Introduction

In light of the sudden scurry of various companies and individuals to register as credit providers (subsequent to the threshold being reduced to Rnil) we thought it prudent to remind members of one of the basic aims of the National Credit Act – the aim to halt the reckless granting of credit.
The concept “reckless credit” was introduced by the National Credit Act 34 of 2005 (as amended). One of the main objectives of the National Credit Act in general is to ‘promote responsible credit granting and use and for that purpose to prohibit reckless credit granting’.

Although reckless credit provisions, as contained in the National Credit Act and supported by relevant case law, confer obligations on both the credit provider and consumer, this article intends focussing on and making credit providers specifically aware of its obligations in terms of the National Credit Act (‘Act’) to avoid a defence of reckless credit being raised by a consumer.

Reckless Credit Explained

Section 80(1) of the Act provides that if (a) the credit provider failed to conduct an assessment as set out in section 81(2) of the Act or (b) the credit provider after conducting such assessment, entered into a credit agreement with a consumer despite the fact that the information available indicated that the consumer (i) did not understand or appreciate the risks, costs or obligations under the proposed credit agreement or (ii) entering into that credit agreement would make the consumer over-indebted, the credit agreement is reckless.

Prevention of Reckless Credit
In terms of section 81(2) of the Act the credit provider must not enter into a credit agreement without taking reasonable steps to assess the following criteria:

  1. the consumer’s general understanding and appreciation of the risks, costs, rights and obligations under the credit agreement;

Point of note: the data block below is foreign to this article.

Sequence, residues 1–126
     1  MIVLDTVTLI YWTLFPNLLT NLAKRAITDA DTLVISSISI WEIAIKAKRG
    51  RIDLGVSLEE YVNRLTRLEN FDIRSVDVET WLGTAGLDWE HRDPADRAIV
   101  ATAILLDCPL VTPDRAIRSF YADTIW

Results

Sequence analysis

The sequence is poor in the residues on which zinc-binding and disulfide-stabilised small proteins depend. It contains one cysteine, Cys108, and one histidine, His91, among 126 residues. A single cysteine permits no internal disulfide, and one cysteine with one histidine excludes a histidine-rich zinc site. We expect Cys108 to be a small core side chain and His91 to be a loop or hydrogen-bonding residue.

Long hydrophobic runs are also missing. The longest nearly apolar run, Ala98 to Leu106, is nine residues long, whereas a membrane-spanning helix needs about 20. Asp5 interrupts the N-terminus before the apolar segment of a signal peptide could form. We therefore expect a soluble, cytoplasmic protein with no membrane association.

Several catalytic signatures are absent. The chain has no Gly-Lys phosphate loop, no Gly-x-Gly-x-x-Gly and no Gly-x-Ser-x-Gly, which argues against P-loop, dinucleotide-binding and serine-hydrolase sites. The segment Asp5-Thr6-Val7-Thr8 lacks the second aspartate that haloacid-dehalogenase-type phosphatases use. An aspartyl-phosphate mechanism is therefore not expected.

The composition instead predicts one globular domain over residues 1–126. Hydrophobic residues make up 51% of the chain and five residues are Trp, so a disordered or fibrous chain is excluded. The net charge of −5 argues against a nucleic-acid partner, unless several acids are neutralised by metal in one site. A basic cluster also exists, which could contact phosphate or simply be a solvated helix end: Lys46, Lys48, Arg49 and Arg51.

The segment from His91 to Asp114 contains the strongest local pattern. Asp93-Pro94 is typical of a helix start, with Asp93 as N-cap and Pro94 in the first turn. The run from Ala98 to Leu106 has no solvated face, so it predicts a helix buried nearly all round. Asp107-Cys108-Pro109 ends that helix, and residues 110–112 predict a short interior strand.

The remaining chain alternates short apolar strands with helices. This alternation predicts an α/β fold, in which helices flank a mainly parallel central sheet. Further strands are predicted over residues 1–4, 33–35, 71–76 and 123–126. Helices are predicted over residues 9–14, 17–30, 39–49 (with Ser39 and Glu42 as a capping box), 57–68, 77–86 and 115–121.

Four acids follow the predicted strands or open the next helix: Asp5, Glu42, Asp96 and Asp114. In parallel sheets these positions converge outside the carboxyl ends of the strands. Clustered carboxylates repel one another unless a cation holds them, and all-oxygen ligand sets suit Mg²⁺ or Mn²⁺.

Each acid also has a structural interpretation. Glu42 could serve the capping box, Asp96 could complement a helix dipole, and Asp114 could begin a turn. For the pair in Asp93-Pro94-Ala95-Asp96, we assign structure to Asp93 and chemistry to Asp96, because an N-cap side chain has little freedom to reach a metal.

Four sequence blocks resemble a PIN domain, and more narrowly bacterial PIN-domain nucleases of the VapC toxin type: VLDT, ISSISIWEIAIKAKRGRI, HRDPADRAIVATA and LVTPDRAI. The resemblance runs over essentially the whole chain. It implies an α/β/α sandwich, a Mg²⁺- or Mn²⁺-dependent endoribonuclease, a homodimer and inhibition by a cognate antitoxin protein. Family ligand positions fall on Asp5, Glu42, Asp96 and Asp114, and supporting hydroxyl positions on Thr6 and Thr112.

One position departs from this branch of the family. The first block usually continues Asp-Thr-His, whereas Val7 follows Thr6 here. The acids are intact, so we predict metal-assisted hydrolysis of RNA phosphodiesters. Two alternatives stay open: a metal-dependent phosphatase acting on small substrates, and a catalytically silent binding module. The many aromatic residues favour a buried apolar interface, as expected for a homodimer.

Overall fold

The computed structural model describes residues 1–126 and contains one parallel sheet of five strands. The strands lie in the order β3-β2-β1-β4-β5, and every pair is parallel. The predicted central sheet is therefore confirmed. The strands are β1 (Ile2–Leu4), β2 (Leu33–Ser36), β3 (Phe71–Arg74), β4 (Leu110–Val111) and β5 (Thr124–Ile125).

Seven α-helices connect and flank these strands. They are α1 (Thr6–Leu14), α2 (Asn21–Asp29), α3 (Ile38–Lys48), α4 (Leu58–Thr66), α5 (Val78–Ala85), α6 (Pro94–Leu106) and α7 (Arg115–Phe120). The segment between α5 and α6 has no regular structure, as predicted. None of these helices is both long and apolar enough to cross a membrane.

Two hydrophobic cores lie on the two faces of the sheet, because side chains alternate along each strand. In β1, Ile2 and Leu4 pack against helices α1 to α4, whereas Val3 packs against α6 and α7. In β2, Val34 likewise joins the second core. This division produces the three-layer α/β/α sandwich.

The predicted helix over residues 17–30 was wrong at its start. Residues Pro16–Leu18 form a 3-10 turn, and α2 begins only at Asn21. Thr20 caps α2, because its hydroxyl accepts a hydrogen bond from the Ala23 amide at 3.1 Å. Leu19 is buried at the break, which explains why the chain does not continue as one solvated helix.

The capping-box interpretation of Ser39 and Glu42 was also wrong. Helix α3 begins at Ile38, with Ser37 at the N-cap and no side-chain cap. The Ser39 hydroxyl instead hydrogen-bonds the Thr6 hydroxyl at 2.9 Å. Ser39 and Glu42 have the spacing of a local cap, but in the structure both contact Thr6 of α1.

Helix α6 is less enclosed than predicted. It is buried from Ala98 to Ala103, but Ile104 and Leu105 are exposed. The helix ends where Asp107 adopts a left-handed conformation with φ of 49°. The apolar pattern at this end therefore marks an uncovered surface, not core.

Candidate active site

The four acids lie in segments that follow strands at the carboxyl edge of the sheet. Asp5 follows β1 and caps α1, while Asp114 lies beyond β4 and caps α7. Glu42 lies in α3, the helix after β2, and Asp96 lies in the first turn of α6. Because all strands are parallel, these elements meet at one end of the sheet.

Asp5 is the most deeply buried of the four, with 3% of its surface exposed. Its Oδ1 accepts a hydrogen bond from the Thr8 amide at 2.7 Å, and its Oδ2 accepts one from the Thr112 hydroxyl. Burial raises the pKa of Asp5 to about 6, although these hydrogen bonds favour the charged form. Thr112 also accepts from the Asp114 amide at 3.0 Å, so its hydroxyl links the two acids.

2. the consumer’s debt repayment history;
  3. the existing financial means, prospects and obligations of the proposed consumer.

In terms of Absa Bank Limited v Kganakga (26467/2012) [2016] ZAGPJHC 59 (“Kganakga – case”) a credit provider is required to conduct a further assessment in determining whether there is a reasonable basis to conclude that any commercial purpose may prove to be successful if such commercial purpose, if any, is the reason for a consumer’s application for credit .

Therefore the obligations of the credit provider, as aforesaid, come into existence when any consumer applies for credit and diligent compliance therewith should prevent reckless credit being granted by a credit provider.

The requirement of reasonable steps being taken by the credit provider was interpreted as being an assessment which should be done ‘reasonably and not irrationally’ in ABSA Bank Ltd v De Beer and Others 2016 (3) SA 432 (GP).

In the light of the above, a credit provider would be advised to develop its own procedures and/or policies to ensure a fair and just assessment relevant to the specific credit provided to ensure compliance as supported by the Kganakga – case where it was found that ‘reasonable steps’ didn’t suffice in the circumstances pertaining to the matter

Implications of Reckless Credit

In the event of reckless credit being granted by a credit provider as a result of non-compliance with sections 80(1) and 81(2) of the Act, a consumer may raise reckless credit as a defence to any legal proceedings instituted to enforce a credit agreement or approach the National Consumer Tribunal or court to have a credit agreement declared reckless.
In the event of the consumer being successful in proving that a credit agreement was concluded recklessly, such court or tribunal may in terms of section 83(2) of the Act make an order setting aside all or part of the consumer’s rights and obligations under that agreement or suspend the force and effect of that credit agreement.

Credit Provider’s Remedies and Defences to Reckless Credit

Although it seems as if the Act confers more obligations onto the credit provider than the consumer, it does provide credit providers with remedies and/or defences against reckless credit.
In terms of section 81 (4) of the Act it is a complete defence against an allegation of reckless credit if the credit provider establishes that the consumer failed to fully and truthfully answer any requests for information made by the credit provider as part of the credit assessment and a failure to do so materially affected the ability of the credit provider to make a proper assessment.
Conclusion

From the credit provider’s position, extensive care is to be taken when considering an application for credit facilities, which can only be done by rigorous procedures and policies being put in place timeously to ensure that compliant credit assessments are being conducted prior to credit facilities being granted. A credit provider failing to adhere to its obligations, as outlined, may find itself in a position of not being able to enforce its credit agreement resulting in insurmountable repercussions.

Ewald Slabbert – Attorney at Barnard Inc.

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